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Hamantaschen with poppy seeds?

Amy asked:

My mother had a terrific recipe for hamantaschen that she made for many years while I was growing up. It was the cookie crust one, not the yeast-dough type. However, she took to experimenting with new recipes she found and ultimately we can’t find our favorite. Do you have one that will remind me of childhood? And while my mother used to fill them with prune or apricot jam, my family loves poppyseed filling. I have a bag of poppyseeds in my freezer waiting for instructions on how to turn them into something luscious.

Hi Amy, thanks for your question. My Jewish grandmas didn’t bake hamantaschen, though they were major cookie mavens. Here’s a recipe that has a cookie crust texture like the one you seek. I culled this during the time I was a pastry chef. I love it and hope this tastes like the favorite one you miss from childhood. It’s got the poppyseed filling too. The orange is optional. Enjoy.

Orange Hamantaschen
2 2/3 cups all purpose flour
1 1/2 t. baking powder
1/4 t. salt
1 1/2 sticks cold unsalted butter, cut into small pieces
2/3 cup sugar
1 large egg
1 large egg white
Very finely grated zest of half a medium orange

2 cups poppyseeds
1 cup water or milk
1/2 cup honey
1/4 cup sugar
1/8 t. salt
2 eggs (optional)

1. Combine poppyseeds, liquid, honey, sugar and salt in a saucepan. Cook over medium heat until thick, stirring to prevent scorching. Let cool.

2. Add eggs, beating in thoroughly. If egg thins out filling too much, return to heat and stir while cooking 1 – 2 minutes

3. Combine flour, baking powder and salt in the bowl of a mixer fitted with the paddle attachment. Add butter and mix briefly. Or, if you are not using a stand-up mixer, add the butter by rubbing it into the flour, using your hands or a pastry cutter. In either case, you should mix until mixture resembles coarse crumbs.

4. In a small bowl, beat together sugar, egg, egg white, and orange zest. Add egg mixture to the dough, and use a wooden spoon or beat using stand-up mixer on low speed only until the eggs are incorporated and the mixture begins to mass around the paddle, be careful not to overwork the dough. Press the dough into a ball, divide in half. Wrap in plastic wrap and refrigerate about 30 minutes or until cold but not hard and stiff.

5. Preheat oven to 350 degrees. Grease or cover several baking sheets with parchment paper and set aside.

6. Working with one piece of dough at a time, roll out to about 1/4 inch thick between pieces of waxed paper, being careful not to let creases form in the bottom sheet of paper. Turn dough over, peel off bottom sheet of waxed paper and replace it loosely. Turn dough right side up and peel off and discard top sheet of paper. Cut dough into rounds using a 3 inch round cutter. Place a large teaspoonful of filling in the center of each round. Form each round into a pocket by folding over about a third of the edge over the filling. Fold another edge and pinch to form a point, then do the same with the last edge. Repeat until all hats are formed, spacing the cookies about 2 inches apart on the baking sheets. If rounds become too soft to handle, fridge the dough until it is workable again. Gather dough scraps and fridge until firm enough to reroll.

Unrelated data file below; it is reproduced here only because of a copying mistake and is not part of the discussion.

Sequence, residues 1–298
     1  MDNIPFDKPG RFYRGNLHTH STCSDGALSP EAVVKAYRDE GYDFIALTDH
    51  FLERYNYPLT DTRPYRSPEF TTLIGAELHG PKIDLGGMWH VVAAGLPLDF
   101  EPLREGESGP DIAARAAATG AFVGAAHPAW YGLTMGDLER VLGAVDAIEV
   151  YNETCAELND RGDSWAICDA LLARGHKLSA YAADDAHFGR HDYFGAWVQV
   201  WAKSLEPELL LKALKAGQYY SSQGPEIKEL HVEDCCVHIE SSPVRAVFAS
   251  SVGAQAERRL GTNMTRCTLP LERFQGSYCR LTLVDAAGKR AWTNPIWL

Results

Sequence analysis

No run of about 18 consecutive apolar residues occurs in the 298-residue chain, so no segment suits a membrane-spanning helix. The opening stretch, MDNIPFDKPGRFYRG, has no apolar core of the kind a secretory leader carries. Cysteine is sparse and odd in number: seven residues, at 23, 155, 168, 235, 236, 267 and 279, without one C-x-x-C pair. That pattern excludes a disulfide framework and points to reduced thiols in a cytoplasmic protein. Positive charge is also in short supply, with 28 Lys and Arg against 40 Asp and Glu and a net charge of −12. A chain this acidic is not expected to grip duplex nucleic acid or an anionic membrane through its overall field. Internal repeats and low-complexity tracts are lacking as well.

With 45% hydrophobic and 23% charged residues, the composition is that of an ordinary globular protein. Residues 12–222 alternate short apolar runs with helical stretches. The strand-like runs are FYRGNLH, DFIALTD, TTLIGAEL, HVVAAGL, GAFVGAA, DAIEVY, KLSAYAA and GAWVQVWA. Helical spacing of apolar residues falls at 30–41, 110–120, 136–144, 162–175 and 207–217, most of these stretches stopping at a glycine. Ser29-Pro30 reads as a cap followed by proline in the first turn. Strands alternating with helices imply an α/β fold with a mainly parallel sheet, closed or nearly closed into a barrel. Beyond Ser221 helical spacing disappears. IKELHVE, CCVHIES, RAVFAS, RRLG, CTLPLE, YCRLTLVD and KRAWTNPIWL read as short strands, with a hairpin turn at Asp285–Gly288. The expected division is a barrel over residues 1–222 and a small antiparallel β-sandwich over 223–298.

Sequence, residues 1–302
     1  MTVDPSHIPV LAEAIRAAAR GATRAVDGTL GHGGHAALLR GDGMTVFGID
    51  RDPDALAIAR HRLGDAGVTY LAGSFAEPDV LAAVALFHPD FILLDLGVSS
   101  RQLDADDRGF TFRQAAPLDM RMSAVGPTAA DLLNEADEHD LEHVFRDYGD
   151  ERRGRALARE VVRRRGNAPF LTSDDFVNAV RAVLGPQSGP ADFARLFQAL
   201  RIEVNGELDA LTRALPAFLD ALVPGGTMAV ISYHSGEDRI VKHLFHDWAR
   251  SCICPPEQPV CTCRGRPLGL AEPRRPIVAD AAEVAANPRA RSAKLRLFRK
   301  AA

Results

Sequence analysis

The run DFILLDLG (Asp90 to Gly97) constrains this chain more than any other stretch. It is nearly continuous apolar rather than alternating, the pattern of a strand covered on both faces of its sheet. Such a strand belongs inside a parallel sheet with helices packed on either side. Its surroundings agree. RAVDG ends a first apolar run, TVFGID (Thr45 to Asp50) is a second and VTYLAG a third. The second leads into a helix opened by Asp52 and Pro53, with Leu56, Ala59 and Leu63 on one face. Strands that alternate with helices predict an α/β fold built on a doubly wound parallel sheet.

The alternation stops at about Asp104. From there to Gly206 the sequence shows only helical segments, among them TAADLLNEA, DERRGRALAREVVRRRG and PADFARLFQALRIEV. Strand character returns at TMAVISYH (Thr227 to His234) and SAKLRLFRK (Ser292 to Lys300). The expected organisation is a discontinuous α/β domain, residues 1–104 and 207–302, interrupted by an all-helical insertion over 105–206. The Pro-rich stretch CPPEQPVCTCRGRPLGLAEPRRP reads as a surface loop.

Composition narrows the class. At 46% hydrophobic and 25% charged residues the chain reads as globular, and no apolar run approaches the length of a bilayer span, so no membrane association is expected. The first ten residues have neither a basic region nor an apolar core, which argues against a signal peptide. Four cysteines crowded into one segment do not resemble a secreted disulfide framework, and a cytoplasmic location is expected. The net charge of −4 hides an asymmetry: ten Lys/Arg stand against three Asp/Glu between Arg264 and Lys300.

7. Bake for 12 – 14 minutes, or until cookies are just tinged with brown. Keeps up to one week in an airtight container. Yields 30 cookies.
Variations: For prune filling: Combine 2 cups prunes, 1 1/3 cups orange juice, 2/3 cup honey, 1/8 t. cinnamon and the grated zest of half a medium orange in a large saucepan over medium-high heat. Boil. Lower the heat slightly and simmer, stirring occasionally for 12 – 15 minutes, or until mixture is soft and most of the liquid is absorbed. Cool.

For apricot filling: Substitute apricots in the above recipe for prune filling.

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what is Hamantaschen?

    – Toronto Condos (May 18 2008 at 5:29)

From Nancy:
Thanks for your question. What is hamentashen? For those who do not celebrate the Jewish holiday of Purim (kind of like a Jewish Halloween, I always joke, with costumes for the kids and treats for all) the filled pastry called hamentashen may be a mystery. Ask Laura and you’ll find that the hidden filling is where the real mystery resides. Like ravioli and other filled delicacies, she tells me, each one is like a little secret; what’s inside? The traditional tri-cornered shape of hamentashen mimics the tri-cornered hat worn by the villain Hamen in the Purim story, but hides a sweet filling inside, some say to symbolize Hamen’s queen, Esther, who hid her real identity as a Jew from Hamen, then revealed it in order to save her people from his wrath. Writer Eliezer Brodt traces the origins of hamentashen back to the sixteenth century when it appeared in a comedy by an Italian Jew and playwright. Early recipes feature poppyseed and honey fillings, though hamantashen’s secret pocket often holds surprises from apricots to chocolate to cheese.

    – Nancy (May 18 2008 at 9:05)

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